IV. What skis were most difficult to leave off your list?

I had a really hard time deciding between the Nordica Santa Ana 104 Fee and the Line Pandora 104. As mentioned above, I ultimately opted for the more playful and lighter Pandora 104, given that I would likely spend some time touring on this ski. As for the resort-only quiver, I think the Liberty Genesis 96 was the most difficult to leave off my list, but the Black Pearl 97 seems like a slightly better choice due to its better performance on very firm conditions and on piste.

V. What ski do you imagine has the greatest likelihood of making your list, if and when you get to ski it, or get to ski it more?

Given how much I enjoy skiing both the Liberty Genesis 90 and 96, I think the Genesis 106 could easily make the list. At 106 mm underfoot, it could potentially function as a wider all-mountain ski or possibly even a dedicated powder ski. I am curious to see how well it floats powder when compared to the other skis I have mentioned here. Another ski that I have been wanting to get on is the Blizzard Sheeva 11. Based on what Kara has said about it, I think it could serve as a versatile powder ski.

VI. If you had to choose a single brand from which to build your 2-ski quiver, which company would you pick?

Well, I basically answered this in the first question: Line Pandora 104 & Pandora 110.

Sam Shaheen

I. What’s your 2-ski quiver for where you ski most, and why?

The touring quiver continues:

Business in the Front: Salomon MTN Explore 95, 184 cm + ATK Raider 12

Blister's 2020-2021 Reviewer 4-ski Quiver Selections
Salomon MTN Explore 95

Every quiver needs a ski that takes care of business. Something no-nonsense, no-frills, no-twin-tip, no fun. Enter the MTN Explore 95. This ski checks all these boxes. Except for the “no-fun” box — it’s pretty damn fun. The MTN Explore 95 gets the job done. Especially when that job involves waking up when it’s still dark and standing on top of lines that make your insides feel like a bag of giant rocks.

Party in the Back: Atomic Bent Chetler 120, 184 cm + Shift

Blister's 2020-2021 Reviewer 4-ski Quiver Selections
Atomic Bent Chetler 120

Likewise, a quiver wouldn’t be complete without a party ski. A ski that makes you want to wear shorts, do pond skims, jump off of stuff recklessly, and do generally irresponsible things like ski backwards. The Bent Chetler 120 might just be the ultimate party ski for the backcountry.

I opted for a Shift on this ski — mostly for safety purposes. I must be feeling particularly responsible today.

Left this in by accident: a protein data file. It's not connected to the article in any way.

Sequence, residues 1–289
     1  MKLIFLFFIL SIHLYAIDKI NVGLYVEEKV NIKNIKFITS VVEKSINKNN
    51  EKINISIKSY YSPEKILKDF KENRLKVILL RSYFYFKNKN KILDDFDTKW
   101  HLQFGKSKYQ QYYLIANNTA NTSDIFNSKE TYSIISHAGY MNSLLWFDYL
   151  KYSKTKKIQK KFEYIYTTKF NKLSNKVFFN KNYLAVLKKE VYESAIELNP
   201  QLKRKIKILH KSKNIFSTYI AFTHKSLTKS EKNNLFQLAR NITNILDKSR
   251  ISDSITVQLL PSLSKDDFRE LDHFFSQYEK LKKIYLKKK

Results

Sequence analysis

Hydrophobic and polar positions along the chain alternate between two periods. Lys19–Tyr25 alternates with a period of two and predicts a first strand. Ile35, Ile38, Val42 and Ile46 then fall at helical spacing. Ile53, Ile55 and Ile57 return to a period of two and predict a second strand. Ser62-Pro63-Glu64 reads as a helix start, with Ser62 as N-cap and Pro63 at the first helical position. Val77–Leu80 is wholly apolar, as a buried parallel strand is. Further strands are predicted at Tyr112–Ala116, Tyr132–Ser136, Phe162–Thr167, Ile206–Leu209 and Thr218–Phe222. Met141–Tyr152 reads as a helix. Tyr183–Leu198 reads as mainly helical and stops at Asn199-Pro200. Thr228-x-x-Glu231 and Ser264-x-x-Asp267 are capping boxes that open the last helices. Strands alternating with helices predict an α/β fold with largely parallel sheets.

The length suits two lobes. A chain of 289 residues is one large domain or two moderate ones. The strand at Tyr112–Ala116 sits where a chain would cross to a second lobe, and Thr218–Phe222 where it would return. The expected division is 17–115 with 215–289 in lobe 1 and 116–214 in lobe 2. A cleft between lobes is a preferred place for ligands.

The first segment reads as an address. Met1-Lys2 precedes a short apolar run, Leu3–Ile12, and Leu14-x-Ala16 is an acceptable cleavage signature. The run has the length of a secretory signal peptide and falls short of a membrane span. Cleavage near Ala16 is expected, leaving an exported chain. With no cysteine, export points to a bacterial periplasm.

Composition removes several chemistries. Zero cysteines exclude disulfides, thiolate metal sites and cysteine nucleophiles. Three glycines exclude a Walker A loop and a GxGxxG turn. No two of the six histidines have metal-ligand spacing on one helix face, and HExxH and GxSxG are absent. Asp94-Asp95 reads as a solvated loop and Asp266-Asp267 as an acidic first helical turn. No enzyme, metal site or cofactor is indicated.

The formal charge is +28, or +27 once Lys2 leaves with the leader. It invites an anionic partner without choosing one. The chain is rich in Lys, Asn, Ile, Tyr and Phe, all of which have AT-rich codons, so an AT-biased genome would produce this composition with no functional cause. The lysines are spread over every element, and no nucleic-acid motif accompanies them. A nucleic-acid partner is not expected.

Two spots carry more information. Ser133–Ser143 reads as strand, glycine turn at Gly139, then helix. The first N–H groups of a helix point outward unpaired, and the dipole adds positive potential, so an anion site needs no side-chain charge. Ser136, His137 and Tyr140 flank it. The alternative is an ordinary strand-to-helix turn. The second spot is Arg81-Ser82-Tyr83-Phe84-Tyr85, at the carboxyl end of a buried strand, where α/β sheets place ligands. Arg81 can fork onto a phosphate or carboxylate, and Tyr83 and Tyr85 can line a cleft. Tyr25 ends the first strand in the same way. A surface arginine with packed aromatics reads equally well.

II. If you didn’t do any backcountry touring, what would your 2-ski quiver be for inbounds-only skiing?

Ugh, this is the whole reason I’m planning on spending pretty much all my time touring this year — so I don’t have to think about resort skis. Now that the Rossignol Soul 7 HD is discontinued, talking about resort skis is a bit emotional for me. And I’m not gonna cheat (*cough* Sascha *cough*).

In the same vein as my first 2-ski quiver, though, I think you need a business ski and a party ski.

Business: Volkl Mantra M5, 177 cm

Blister's 2020-2021 Reviewer Ski Quiver Selections
Volkl Mantra M5

Party: Moment Wildcat, 184 cm

Blister's 2020-2021 Reviewer Ski Quiver Selections
Moment Wildcat

III. What’s your 2-ski quiver for the next 3 years, regardless of location? (We’re framing the question this way to emphasize (a) versatility and (b) durability — these skis need to hold up for at least 3-4 years.)

This has to be one ski for lifts and one ski for touring. No matter where I go, I’ll need to summit peaks so I’ll still take the Salomon MTN Explore 95. Even after all this time? Always.

As for the resort ski, I’d probably scrounge through CraigsList and find a 188 cm pair of my answer to the next question:

IV. What skis were most difficult to leave off your list?

The Rossignol Soul 7 HD.

V. What ski do you imagine has the greatest likelihood of making your list, if and when you get to ski it, or get to ski it more?

There’s a chance that the Scott Superguide Freetour could knock out the MTN Explore in this quiver (*gasp*).

If it proves reliable enough on steeps to warrant the slight weight increase, then that ski would probably get more mid-winter reps than the relatively skinny MTN Explore 95.

VI. If you had to choose a single brand from which to build your 2-ski quiver, which company would you pick?

Line: Sick Day 94 (business) + Line Vision 108 (party)

Atomic: Bent Chetler 120 (party) + Bent Chetler 100 (party/business)

Jonathan Ellsworth

I. What’s your 2-ski quiver for where you ski most, and why?

Ski #1: Blizzard Bonafide 97, 177 cm + alpine binding

Blister's 2020-2021 Reviewer Ski Quiver Selections
Blizzard Bonafide 97